Employers must understand these exemptions and be alert for separation arrangements that fall outside these exemptions – many of which involve separation pay of highly compensated executives. If a separation pay arrangement is not exempted from Section 409A, it must comply with Section 409A’s substantive requirements, such as its payment timing requirements.
Separation Pay Arrangements Exempt from Section 409A
Involuntary Separations With All Payments Made Within Short-term Deferral Period
A separation pay arrangement is exempt from Section 409A if all amounts under the arrangement can only be paid within 2½ months after the end of the year in which the amount was no longer subject to a substantial risk of forfeiture. For involuntary separations, an amount is no longer subject to a substantial risk of forfeiture once the employee is involuntarily terminated. In contrast, severance amounts that are payable upon any voluntary separation from service (whether or not the amounts are actually paid upon a voluntary separation) are not subject to a substantial risk of forfeiture as soon as the arrangement is entered into and before the employee actually terminates.
Severance payments triggered by a voluntary separation may nevertheless be exempt from Section 409A if the employee does not have a legally binding right to the severance pay (such as where the employer has an unfettered right to eliminate the severance benefit at any time), or if all payments are completed within 2½ months after the end of the year in which the employee first acquired a legally binding right to the payments. However, special care needs to be exercised when relying on the “no legally binding right” exception since a condition on the employer’s discretion to eliminate a severance promise generally will not be sufficient to prevent a legally binding right from arising. In addition, the IRS has indicated that a legally binding right exists where the employer reserves discretion to eliminate the promise if such discretion “lacks substantive significance.” Finally, an employer’s discretion to reduce or eliminate severance pay will not be recognized where the employee has effective control of the employer, such as may exist in a family-controlled business.
Involuntary Separation with Limited Payments over Limited Time
If a separation pay arrangement only provides for payments upon an involuntary termination of employment and the payments extend beyond the short-term deferral period, the severance payments are nevertheless exempt to the extent that:
- all payments are made by the end of the second year following the year in which the involuntary termination occurs, and
- the total amount of payments does not exceed two times the lesser of (1) the employee’s annual compensation for the calendar year preceding the calendar year in which termination occurs (adjusted for any permanent increases in compensation for the year in which the termination occurs) or (2) the limit on compensation under Internal Revenue Code Section 401(a)(17) for the calendar year in which termination occurs (the limit under Code Section 401(a)(17) is $225,000 for 2007).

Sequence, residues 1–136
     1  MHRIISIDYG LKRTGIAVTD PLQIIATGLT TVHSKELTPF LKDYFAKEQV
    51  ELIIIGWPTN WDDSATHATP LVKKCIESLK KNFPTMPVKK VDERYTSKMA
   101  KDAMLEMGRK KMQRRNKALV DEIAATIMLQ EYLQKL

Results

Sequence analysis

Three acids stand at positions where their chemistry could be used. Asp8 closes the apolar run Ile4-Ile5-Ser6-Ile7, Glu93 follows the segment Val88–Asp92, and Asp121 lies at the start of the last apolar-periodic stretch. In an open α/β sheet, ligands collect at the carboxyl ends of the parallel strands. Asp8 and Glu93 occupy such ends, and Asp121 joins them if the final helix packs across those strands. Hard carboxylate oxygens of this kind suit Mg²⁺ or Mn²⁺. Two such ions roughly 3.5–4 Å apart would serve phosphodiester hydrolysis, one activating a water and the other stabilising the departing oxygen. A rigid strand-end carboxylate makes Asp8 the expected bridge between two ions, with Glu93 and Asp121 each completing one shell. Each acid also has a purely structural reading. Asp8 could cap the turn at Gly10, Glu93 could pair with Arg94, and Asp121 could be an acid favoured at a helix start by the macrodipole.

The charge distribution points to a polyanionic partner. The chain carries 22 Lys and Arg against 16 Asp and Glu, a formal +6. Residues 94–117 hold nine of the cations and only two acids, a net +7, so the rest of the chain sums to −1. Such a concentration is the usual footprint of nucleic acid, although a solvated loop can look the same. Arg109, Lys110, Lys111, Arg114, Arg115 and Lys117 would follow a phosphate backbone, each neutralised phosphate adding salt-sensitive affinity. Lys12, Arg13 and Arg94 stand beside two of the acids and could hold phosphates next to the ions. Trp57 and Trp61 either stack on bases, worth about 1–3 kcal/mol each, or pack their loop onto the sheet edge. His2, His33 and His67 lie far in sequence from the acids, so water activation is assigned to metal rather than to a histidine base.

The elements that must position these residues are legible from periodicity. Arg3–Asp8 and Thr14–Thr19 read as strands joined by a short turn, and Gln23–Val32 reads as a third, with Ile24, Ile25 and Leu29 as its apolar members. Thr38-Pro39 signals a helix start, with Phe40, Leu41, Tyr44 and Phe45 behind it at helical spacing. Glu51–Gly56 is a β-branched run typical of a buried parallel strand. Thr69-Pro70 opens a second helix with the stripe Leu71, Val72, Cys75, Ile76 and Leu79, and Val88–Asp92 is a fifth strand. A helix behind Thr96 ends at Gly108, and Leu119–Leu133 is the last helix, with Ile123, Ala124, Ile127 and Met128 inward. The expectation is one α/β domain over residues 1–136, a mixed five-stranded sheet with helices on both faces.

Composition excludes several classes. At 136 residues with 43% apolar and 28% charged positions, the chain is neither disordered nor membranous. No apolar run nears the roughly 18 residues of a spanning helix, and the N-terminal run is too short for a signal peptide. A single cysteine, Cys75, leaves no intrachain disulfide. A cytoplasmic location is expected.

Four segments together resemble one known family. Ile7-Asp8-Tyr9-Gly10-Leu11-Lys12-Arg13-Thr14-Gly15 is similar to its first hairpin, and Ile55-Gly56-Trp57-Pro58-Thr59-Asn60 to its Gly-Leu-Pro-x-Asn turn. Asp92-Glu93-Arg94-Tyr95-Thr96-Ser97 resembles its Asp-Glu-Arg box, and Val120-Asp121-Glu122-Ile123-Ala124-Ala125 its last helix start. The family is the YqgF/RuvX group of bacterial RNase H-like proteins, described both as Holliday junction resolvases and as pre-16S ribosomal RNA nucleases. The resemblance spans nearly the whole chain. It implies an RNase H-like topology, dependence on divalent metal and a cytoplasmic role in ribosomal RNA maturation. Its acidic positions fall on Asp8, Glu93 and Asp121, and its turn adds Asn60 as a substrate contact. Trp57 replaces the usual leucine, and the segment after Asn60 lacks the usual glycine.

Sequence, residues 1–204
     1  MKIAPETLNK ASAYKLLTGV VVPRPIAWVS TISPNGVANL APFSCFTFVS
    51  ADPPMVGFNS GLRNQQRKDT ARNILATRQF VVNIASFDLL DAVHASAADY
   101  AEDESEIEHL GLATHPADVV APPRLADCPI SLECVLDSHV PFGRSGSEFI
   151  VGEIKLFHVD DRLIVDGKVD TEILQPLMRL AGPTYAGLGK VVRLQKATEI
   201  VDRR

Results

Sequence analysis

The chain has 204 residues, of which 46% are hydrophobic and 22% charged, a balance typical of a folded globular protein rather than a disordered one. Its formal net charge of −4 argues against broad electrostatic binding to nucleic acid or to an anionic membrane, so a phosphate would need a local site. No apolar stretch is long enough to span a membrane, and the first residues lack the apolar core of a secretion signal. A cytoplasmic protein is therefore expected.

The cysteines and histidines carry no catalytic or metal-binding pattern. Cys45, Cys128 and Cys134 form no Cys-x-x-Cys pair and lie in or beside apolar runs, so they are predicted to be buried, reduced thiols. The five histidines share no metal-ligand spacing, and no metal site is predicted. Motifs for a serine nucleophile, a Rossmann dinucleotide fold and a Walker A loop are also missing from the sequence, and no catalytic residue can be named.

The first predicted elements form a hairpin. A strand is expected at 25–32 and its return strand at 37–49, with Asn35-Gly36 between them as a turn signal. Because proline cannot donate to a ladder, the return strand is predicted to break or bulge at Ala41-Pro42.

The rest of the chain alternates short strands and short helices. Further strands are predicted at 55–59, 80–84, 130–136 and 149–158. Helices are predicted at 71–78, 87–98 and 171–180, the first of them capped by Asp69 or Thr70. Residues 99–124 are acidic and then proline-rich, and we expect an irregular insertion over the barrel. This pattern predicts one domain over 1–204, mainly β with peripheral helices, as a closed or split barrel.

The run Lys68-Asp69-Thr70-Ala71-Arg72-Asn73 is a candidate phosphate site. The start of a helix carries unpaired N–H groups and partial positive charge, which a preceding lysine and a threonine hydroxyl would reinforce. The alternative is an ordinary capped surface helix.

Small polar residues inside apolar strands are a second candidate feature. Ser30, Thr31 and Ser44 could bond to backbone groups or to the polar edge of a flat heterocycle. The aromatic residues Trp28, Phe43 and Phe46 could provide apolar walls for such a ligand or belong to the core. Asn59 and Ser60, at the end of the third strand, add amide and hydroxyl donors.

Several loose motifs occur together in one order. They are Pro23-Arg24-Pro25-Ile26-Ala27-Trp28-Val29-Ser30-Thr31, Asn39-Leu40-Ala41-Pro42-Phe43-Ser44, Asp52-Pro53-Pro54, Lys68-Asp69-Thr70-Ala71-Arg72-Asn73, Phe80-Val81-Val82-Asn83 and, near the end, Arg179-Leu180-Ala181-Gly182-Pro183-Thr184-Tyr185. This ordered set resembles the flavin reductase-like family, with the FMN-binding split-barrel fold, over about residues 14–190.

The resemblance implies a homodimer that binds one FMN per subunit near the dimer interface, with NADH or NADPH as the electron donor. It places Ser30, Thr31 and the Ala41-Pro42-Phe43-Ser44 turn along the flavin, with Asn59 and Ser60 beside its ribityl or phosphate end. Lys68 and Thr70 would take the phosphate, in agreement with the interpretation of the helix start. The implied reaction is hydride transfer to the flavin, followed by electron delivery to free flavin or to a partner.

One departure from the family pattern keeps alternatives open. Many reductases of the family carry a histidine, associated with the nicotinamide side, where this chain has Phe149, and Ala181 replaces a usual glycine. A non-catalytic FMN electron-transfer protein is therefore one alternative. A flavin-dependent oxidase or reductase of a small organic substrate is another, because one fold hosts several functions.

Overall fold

The final regulations clarify that employees can use this exclusion up to the amount that payments do not exceed two times the employee’s annual compensation or two times the Section 401(a)(17) limit. Thus, if a severance arrangement satisfies each condition of this exemption except for the dollar amount ceiling, the exemption from Section 409A will apply to the amount that was within the permissible limit.
Window Programs and Resignations for Good Reason May be Involuntary Separations
Certain terminations, including window program terminations and good reason resignations, are treated as involuntary terminations for the purpose of Section 409A.
A window program is as an employer-established program that provides severance pay in connection with a termination of employment, for a limited period of time (no greater than one year), for employees who terminate employment during that period or who terminate employment during that period under specified circumstances.
Generally, a good reason separation is treated as an involuntary termination when the employee voluntarily terminates his services following an event that constitutes good reason for resignation. The final regulations state that good reason requires a material negative change in the employment relationship, such as a material negative change in the duties to be performed, the conditions under which such duties are to be performed, or the compensation to be received. A separation from employment will not be considered a good reason termination if the employer’s purpose was avoidance of Section 409A.